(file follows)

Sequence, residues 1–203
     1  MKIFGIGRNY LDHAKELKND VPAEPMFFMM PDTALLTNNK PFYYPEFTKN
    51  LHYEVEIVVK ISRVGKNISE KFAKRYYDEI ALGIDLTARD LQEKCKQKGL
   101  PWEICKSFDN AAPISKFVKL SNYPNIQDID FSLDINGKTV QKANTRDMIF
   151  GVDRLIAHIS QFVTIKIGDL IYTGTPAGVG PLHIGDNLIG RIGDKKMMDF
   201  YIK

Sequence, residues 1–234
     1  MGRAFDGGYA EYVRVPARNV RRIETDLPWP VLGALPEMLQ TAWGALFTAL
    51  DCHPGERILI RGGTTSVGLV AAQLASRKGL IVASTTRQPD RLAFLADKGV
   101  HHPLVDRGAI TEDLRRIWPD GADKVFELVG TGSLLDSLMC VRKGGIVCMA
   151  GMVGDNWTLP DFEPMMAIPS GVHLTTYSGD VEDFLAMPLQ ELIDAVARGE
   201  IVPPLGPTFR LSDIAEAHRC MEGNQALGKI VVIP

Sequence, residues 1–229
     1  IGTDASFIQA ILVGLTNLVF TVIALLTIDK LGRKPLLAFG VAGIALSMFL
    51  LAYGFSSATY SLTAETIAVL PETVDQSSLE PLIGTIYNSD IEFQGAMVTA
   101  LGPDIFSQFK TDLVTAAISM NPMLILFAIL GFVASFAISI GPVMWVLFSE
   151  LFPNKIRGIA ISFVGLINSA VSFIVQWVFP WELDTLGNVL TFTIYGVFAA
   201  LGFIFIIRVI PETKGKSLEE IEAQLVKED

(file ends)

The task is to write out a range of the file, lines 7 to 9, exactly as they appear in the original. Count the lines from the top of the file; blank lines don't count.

Sequence, residues 1–234
     1  MGRAFDGGYA EYVRVPARNV RRIETDLPWP VLGALPEMLQ TAWGALFTAL
    51  DCHPGERILI RGGTTSVGLV AAQLASRKGL IVASTTRQPD RLAFLADKGV